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Fixing VERY tart wine

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Kbradt

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I've made several kits before but I'm relatively new to making fruit wine. My goal is to make a lemon wine with a light raspberry finish so I took the basic 5 gallon skeeter pee recipe and added 5 lbs for raspberries to the primary fermentation. All went well and it's clear but the TA is 1.45% (3.1 pH) and it taste like sweet tarts minus the sweet so..tarts?. So here are my questions:

1. How can I lower the TA to the .75% range without destroying my wine for ABV?
2. Can I water it down by half then referment?
3. Can I make a sugar wine low in TA and blend it?

I appreciate the help, everyone!
 

Alan tate

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No matter what you do to your wine the alcohol level will stay the same. Watering it down will. I have never tried refermenting. Your main problem is acidity, try taking a sample and adding a little chalk, calcium carbonate, if after settling it tastes ok do the same to the big batch.
 

Stressbaby

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Typically you wouldn't want to use calcium carbonate post-fermentation because calcium tartrate takes a long time to precipitate. Potassium carbonate is preferred post-ferment. However, that may be too much of a TA drop to achieve with potassium carbonate; calcium carbonate is better for larger drops in TA. Further, the main acid in this wine is probably not tartaric, it is probably citric, and from what I know calcium citrate is pretty insoluble in water. Therefore I'd expect it to precipitate out better. Finally, calcium carbonate doesn't move the pH as much as potassium carbonate and your pH is what I would consider to be "in range" for this particular wine.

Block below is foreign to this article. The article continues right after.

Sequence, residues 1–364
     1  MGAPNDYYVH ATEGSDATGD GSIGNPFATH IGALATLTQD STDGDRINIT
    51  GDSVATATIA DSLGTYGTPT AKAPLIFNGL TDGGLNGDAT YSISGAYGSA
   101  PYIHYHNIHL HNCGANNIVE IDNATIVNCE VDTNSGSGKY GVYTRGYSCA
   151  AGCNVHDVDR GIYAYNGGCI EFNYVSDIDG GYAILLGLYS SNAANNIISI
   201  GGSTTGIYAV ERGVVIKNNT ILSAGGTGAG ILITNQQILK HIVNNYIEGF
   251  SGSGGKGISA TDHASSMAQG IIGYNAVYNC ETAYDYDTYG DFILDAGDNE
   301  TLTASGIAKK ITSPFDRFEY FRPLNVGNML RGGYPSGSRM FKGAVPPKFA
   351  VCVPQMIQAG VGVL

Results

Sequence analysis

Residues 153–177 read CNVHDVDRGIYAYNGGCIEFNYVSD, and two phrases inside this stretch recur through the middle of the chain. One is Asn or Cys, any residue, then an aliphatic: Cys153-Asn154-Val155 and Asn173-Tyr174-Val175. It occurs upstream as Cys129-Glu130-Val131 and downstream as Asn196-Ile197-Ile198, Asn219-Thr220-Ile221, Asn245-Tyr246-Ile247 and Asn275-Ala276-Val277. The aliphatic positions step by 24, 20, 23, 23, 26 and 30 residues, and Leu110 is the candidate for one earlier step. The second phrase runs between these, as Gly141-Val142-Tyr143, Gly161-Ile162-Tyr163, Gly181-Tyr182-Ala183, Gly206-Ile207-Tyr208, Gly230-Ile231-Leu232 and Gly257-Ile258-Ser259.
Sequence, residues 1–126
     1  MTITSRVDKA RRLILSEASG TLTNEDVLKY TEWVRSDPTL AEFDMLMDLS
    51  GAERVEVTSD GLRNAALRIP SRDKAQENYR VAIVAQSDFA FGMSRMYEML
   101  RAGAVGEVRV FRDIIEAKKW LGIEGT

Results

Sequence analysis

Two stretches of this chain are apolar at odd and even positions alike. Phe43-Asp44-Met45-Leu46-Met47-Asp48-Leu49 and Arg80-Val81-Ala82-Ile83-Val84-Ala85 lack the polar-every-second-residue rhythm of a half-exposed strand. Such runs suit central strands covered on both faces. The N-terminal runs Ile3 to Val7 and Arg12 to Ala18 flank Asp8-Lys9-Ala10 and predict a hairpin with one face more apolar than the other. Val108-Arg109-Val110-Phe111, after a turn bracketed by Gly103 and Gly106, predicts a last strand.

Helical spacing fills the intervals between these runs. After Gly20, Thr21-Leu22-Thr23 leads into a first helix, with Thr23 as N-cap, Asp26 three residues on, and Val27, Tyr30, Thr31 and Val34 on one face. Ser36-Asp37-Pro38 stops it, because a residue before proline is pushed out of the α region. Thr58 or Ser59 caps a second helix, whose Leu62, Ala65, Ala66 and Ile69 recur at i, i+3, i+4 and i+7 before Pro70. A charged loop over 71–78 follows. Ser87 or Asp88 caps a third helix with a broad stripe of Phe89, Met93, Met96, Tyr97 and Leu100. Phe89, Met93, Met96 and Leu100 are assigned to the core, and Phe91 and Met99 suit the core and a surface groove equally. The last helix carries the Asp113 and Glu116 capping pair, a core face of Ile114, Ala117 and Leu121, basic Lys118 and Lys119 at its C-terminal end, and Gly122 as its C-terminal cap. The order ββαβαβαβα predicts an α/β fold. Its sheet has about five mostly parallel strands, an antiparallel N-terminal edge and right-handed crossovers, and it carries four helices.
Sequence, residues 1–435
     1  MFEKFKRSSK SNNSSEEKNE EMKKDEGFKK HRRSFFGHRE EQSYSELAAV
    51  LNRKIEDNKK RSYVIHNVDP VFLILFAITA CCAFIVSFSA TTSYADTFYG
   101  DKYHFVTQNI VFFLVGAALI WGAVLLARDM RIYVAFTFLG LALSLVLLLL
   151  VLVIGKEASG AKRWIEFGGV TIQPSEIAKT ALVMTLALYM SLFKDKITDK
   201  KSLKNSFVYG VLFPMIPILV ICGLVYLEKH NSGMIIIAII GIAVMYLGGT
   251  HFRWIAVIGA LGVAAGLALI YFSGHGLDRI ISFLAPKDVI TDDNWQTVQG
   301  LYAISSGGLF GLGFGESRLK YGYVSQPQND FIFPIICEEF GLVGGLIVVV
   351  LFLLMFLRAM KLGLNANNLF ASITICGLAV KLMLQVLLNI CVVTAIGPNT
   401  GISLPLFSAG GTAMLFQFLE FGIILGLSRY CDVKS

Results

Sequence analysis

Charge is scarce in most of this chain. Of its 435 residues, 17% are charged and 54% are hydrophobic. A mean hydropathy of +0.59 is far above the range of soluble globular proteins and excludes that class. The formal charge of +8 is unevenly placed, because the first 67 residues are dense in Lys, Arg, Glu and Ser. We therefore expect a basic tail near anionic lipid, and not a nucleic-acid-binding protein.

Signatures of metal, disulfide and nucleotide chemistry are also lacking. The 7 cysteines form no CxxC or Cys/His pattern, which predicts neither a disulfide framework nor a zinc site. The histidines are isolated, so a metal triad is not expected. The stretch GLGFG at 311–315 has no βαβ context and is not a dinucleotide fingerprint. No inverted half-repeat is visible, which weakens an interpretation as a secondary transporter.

All that said, you basically made Raspberry Dragon Blood. DB is a pretty solid formula so before I started messing around with the TA/pH, I'd backsweeten a sample and see how it tastes.
 

Kbradt

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Typically you wouldn't want to use calcium carbonate post-fermentation because calcium tartrate takes a long time to precipitate. Potassium carbonate is preferred post-ferment. However, that may be too much of a TA drop to achieve with potassium carbonate; calcium carbonate is better for larger drops in TA. Further, the main acid in this wine is probably not tartaric, it is probably citric, and from what I know calcium citrate is pretty insoluble in water. Therefore I'd expect it to precipitate out better. Finally, calcium carbonate doesn't move the pH as much as potassium carbonate and your pH is what I would consider to be "in range" for this particular wine.

All that said, you basically made Raspberry Dragon Blood. DB is a pretty solid formula so before I started messing around with the TA/pH, I'd backsweeten a sample and see how it tastes.
Thanks! I looked into the DB and you are definitely right. I made DB with double lemon juice. I've messed around with potassium carbonate before with negative results. I followed the instructions and it had 3x the effect as expected (yes, i used tsp and not tbs...that was my first thought too).

So watering down and fermenting again isn't a good option? I've never tried it before so I'm a little leery.
 

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